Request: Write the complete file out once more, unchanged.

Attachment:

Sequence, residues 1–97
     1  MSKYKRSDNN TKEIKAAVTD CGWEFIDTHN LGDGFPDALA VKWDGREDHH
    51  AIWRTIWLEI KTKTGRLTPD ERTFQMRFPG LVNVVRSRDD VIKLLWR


Sequence, residues 1–97
     1  MSKYKRSDNN TKEIKAAVTD CGWEFIDTHN LGDGFPDALA VKWDGREDHH
    51  AIWRTIWLEI KTKTGRLTPD ERTFQMRFPG LVNVVRSRDD VIKLLWR